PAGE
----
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USA UK and Malta News
12/04/2008 - 22:24

UK today Editoweb, 12 april 2008

Move to defuse row over terror law - Brown urges Africa to help Zimbabwe - Public's say over 'ghost ships' - Brown vows steps to pass on rate cuts - Briton held illegally in Equatorial Guinea over coup attempt: lawyer.

Move to defuse row over terror law
The Home Secretary made a fresh move to defuse the row over tougher anti-terror laws, warning critics as many as 30 active plots against Britain were now being investigated. Jacqui Smith, who faces a serious Labour rebellion over plans to extend the time suspects can be held without charge to 42 days, said it was vital to "stay ahead". She must calm intense anger within the party if the Government is not to suffer a repeat of the damaging 2005 defeat of proposals to extend the limit to 90 days.

Brown urges Africa to help Zimbabwe
African leaders were urged by Britain to help find a solution to the Zimbabwe election controversy, as Gordon Brown dubbed the situation "appalling". The Prime Minister warned President Robert Mugabe that the world's patience was "running thin" with his failure to release the results of the poll after almost two weeks. But in spite of reports of state-sponsored violence and a ban on political demos, South African President Thabo Mbeki insisted there was "no crisis".

Public's say over 'ghost ships'
The public is to have a final say into whether a company's controversial attempt to dismantle so called 'ghost ships' will go ahead, said the Environment Agency. The Agency has started a public consultation on a waste management licence that would allow Able UK to scrap ships at its Graythorp site in Hartlepool and dispose of or recycle their materials. Four US ships have been rusting in the company's dock on the Tees since late 2003 as the company sought permission to begin work and fought off challenges from protestors.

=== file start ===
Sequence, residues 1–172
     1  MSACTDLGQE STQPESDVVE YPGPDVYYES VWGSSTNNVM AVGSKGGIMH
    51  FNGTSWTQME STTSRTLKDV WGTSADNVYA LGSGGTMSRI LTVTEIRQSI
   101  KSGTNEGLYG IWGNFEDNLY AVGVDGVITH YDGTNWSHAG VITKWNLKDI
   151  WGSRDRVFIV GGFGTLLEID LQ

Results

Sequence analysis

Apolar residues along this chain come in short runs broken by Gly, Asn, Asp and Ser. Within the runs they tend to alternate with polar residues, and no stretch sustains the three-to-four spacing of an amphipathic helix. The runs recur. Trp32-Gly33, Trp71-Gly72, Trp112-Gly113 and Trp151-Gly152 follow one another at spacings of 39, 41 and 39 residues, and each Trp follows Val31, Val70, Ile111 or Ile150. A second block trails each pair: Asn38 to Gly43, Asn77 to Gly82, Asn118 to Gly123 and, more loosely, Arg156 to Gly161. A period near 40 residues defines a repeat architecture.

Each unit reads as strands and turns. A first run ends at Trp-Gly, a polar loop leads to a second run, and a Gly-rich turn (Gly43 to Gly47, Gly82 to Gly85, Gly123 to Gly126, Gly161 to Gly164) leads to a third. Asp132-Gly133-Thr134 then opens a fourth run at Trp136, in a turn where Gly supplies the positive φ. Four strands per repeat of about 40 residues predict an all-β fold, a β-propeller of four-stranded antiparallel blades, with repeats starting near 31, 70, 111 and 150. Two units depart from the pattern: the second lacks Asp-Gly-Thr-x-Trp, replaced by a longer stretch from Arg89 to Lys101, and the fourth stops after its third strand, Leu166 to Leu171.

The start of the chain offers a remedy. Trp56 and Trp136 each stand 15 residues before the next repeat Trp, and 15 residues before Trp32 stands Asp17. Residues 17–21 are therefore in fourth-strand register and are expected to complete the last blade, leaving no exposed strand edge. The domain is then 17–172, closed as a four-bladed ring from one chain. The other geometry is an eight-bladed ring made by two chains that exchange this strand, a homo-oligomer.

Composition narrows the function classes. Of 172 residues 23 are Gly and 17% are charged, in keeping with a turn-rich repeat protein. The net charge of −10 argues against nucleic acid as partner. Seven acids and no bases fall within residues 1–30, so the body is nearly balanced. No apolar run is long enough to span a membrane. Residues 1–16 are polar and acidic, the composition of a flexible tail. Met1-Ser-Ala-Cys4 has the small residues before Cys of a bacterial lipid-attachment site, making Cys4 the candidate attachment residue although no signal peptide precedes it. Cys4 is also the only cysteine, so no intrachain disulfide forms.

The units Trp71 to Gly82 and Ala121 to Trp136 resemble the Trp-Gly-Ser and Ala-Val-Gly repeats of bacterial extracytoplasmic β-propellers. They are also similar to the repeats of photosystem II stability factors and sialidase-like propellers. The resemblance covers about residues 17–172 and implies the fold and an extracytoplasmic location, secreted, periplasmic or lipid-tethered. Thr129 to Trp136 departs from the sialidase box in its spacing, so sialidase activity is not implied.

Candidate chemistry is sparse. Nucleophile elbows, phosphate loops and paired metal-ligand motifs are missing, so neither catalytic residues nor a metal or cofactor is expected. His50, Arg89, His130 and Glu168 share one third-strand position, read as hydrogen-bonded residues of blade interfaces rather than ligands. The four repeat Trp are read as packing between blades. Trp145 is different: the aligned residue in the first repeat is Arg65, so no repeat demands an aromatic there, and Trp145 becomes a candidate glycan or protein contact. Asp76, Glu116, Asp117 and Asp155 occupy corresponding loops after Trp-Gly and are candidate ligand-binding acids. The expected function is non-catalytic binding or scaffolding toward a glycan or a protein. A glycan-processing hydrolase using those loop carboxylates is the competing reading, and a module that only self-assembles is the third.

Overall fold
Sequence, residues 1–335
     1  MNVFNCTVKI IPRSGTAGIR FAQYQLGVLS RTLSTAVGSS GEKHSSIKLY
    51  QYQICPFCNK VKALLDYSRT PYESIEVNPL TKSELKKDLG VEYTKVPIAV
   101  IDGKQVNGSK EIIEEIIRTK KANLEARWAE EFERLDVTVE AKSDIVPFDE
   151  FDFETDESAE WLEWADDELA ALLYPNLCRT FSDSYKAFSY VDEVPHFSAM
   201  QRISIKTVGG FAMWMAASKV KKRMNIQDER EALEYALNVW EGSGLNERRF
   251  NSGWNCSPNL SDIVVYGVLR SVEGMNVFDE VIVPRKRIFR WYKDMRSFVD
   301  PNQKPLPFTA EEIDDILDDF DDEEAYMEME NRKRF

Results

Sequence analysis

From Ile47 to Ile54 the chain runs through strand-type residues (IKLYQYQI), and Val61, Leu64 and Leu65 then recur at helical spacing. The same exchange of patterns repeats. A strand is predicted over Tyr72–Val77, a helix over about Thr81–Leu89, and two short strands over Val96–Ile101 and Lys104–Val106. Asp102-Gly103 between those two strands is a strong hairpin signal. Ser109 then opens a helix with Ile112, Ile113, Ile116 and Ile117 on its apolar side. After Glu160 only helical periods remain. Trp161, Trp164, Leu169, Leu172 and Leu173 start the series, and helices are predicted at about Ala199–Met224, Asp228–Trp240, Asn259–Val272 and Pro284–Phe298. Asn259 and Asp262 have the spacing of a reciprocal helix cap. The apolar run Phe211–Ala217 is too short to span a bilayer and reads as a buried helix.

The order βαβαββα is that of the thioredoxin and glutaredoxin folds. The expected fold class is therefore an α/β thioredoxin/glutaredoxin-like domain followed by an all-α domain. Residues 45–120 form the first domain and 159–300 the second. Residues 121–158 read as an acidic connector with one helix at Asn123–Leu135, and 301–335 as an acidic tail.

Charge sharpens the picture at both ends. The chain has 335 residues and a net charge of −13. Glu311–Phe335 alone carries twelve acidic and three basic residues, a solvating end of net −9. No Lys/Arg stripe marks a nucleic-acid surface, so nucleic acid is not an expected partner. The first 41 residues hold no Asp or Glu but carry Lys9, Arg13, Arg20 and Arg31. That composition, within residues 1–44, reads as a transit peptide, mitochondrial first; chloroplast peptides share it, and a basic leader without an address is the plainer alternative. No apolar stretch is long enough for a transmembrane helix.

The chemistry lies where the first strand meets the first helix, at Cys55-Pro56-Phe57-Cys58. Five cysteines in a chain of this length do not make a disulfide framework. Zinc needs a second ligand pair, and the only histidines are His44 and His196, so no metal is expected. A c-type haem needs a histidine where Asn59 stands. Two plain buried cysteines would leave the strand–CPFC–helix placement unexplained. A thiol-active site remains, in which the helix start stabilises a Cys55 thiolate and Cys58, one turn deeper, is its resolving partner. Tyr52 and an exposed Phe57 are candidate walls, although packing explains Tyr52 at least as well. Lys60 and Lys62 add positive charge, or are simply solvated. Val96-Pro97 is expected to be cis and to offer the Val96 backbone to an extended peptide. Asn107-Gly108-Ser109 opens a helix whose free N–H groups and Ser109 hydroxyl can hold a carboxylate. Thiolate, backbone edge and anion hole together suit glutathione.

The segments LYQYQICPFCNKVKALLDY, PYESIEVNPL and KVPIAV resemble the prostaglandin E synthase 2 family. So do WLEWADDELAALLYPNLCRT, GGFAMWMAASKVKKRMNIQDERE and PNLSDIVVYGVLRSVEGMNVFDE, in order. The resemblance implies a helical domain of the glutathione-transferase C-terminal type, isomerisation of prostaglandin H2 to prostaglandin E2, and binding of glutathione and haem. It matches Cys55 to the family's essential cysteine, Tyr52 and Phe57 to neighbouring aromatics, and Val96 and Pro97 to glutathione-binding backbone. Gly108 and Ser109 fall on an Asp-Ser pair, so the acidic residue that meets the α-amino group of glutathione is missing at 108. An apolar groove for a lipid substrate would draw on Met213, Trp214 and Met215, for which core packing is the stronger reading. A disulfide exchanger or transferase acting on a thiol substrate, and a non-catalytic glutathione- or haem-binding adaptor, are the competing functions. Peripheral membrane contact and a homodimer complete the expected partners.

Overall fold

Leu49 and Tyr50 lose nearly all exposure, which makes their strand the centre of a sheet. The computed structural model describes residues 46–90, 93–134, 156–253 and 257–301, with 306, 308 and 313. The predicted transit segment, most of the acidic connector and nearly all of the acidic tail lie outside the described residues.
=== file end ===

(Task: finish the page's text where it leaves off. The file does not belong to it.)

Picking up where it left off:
Brown vows steps to pass on rate cuts
Prime Minister Gordon Brown has promised new measures to ensure that Bank of England interest rate cuts are passed on to mortgage holders. A global lending squeeze has made it harder for banks to raise funds on financial markets, forcing mortgage lenders to toughen up their loan terms and raising the risk of a sharp housing market downturn and economic slowdown in Britain. "Although the Bank of England has cut rates in recent months, the banks have not always been passing those reductions to their customers," Brown said in an article for Sunday's News of the World tabloid newspaper.

Briton held illegally in Equatorial Guinea over coup attempt: lawyer
A Briton accused of masterminding a failed coup in Equatorial Guinea was being held illegally and denied access to his lawyer since being charged in February, a defence attorney said Saturday. British mercenary Simon Mann, a former officer of Britain's SAS special forces regiment, was secretly deported to the west African state of Equatorial Guinea on January 31 from Zimbabwe, even though still appealing extradition. "The current detention of Simon Mann is illegal in law," said local attorney Ponciano Mbomio Nvo, assigned to Mann's defence, claiming he had not even been given access to the file on the accused.

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